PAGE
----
Wednesday, March 07, 2007

S.C. Supreme Court holds that a trial judge has authority to suspend a sentence absent clear statutory language to the contrary

In State v. Thomas, Thomas pled guilty to distributing crack in proximity to a school. He was sentenced to a ten year prison term, the minimum provided by S.C. Code Ann. § 44-53-445(B)(2). Six days later, Thomas appeared before the court seeking reconsideration of his sentence. The judge refused on the grounds that he was powerless to suspend any portion of the minimum sentence. The Supreme Court disagreed and held that unless the General Assembly clearly indicates in the statute that the sentence may not be suspended, South Carolina trial judges have the authority to suspend a sentence. The case was reversed and remanded for resentencing.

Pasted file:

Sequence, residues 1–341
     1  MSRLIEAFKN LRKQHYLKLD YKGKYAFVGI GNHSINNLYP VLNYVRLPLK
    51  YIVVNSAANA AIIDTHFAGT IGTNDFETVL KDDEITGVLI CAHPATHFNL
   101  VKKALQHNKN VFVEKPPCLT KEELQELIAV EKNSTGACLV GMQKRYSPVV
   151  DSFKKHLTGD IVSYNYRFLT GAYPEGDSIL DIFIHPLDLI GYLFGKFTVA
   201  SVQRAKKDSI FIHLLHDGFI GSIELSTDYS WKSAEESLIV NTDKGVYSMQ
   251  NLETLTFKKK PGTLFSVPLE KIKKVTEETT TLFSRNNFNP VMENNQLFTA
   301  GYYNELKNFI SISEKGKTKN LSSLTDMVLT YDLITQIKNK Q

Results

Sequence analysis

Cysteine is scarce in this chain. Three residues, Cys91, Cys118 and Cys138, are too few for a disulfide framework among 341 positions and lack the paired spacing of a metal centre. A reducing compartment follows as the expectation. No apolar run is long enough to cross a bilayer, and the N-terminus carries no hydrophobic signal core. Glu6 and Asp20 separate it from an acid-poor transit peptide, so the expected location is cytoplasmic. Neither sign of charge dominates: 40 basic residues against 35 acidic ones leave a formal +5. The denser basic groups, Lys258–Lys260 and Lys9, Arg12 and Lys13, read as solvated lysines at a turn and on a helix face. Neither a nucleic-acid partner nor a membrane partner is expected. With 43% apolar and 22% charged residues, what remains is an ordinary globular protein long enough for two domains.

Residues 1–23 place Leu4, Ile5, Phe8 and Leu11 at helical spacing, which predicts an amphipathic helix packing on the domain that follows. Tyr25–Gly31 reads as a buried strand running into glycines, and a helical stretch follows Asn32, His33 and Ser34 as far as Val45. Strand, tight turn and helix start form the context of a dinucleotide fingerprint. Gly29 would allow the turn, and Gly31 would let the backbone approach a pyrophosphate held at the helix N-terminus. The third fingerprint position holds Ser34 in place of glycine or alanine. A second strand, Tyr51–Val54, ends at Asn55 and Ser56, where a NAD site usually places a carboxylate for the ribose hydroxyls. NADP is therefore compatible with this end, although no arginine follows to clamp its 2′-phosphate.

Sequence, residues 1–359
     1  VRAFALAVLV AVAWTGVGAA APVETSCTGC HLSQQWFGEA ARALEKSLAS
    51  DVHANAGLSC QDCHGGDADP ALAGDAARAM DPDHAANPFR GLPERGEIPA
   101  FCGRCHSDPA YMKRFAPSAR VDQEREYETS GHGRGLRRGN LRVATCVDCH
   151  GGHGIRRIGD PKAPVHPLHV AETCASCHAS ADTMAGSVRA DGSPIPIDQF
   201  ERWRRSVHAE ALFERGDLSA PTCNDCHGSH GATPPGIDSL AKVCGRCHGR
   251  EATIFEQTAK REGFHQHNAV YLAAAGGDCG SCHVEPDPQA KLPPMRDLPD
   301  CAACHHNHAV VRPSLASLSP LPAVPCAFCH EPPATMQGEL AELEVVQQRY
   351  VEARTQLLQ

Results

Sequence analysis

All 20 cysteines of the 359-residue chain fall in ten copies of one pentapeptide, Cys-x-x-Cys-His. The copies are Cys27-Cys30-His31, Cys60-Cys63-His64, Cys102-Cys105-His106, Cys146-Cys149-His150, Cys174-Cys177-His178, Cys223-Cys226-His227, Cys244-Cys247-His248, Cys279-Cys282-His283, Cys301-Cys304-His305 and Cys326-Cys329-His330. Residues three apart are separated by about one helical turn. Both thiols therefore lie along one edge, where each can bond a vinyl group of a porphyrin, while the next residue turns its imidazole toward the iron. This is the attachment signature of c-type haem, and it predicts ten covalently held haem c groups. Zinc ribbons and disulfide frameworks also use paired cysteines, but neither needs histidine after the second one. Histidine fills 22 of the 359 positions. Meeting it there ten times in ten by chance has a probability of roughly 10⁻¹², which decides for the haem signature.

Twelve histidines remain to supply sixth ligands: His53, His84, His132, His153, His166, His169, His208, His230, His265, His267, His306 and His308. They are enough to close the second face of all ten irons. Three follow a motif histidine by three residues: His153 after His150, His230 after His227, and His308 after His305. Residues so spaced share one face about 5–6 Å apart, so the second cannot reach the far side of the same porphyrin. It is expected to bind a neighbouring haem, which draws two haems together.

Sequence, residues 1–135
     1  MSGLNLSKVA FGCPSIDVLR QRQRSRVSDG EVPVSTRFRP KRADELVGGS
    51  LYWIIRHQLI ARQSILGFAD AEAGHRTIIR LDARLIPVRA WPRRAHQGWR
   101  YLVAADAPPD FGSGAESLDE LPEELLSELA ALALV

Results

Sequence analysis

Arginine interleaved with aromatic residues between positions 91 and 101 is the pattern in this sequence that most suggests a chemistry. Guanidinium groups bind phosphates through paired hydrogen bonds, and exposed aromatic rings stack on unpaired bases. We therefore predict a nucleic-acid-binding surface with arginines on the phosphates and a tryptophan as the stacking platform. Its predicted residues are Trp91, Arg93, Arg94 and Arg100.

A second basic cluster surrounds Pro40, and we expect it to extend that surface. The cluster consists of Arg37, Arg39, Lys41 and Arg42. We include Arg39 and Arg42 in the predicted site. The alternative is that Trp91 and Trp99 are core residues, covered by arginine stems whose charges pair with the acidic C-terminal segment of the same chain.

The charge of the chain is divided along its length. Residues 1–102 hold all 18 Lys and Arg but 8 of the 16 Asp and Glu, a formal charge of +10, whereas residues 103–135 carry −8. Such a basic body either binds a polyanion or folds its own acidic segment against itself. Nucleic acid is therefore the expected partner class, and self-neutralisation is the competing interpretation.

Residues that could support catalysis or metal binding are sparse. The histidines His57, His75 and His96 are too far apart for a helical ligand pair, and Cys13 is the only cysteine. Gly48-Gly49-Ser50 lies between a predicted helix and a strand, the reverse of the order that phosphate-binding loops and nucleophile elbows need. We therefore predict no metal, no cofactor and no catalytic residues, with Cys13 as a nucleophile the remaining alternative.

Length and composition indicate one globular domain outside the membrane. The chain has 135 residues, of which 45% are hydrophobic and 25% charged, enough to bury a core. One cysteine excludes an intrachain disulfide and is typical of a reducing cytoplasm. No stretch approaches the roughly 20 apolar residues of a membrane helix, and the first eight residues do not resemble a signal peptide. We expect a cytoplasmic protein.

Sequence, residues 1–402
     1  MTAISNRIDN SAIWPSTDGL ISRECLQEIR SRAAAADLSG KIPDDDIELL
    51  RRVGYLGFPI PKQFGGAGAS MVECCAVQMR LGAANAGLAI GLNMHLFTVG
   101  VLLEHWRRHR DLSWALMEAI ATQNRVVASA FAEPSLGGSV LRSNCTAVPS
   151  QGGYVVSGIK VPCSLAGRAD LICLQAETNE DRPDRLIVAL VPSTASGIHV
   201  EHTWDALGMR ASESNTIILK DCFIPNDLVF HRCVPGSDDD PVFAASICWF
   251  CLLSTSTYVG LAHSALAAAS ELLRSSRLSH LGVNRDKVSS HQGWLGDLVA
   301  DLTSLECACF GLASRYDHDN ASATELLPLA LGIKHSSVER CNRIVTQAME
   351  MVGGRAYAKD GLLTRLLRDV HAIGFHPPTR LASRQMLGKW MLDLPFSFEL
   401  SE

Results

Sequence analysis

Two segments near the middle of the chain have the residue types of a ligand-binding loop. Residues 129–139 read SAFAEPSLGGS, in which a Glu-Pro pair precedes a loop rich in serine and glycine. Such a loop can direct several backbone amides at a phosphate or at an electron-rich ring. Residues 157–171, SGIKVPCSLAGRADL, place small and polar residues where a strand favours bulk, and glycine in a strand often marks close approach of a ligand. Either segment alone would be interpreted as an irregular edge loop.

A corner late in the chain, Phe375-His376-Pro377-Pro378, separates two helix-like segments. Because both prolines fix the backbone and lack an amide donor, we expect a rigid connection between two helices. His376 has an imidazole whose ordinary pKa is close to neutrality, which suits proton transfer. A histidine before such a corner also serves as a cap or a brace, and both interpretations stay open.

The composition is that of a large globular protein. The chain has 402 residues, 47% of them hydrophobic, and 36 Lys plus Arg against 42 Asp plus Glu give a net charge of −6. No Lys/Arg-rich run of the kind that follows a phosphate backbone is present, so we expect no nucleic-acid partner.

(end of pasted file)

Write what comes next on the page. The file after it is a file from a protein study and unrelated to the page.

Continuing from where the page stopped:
Of note, the trial judge in this case was Reggie Lloyd, current United States Attorney for the District of South Carolina, and a candidate for the United States Court of Appeals for the Fourth Circuit.

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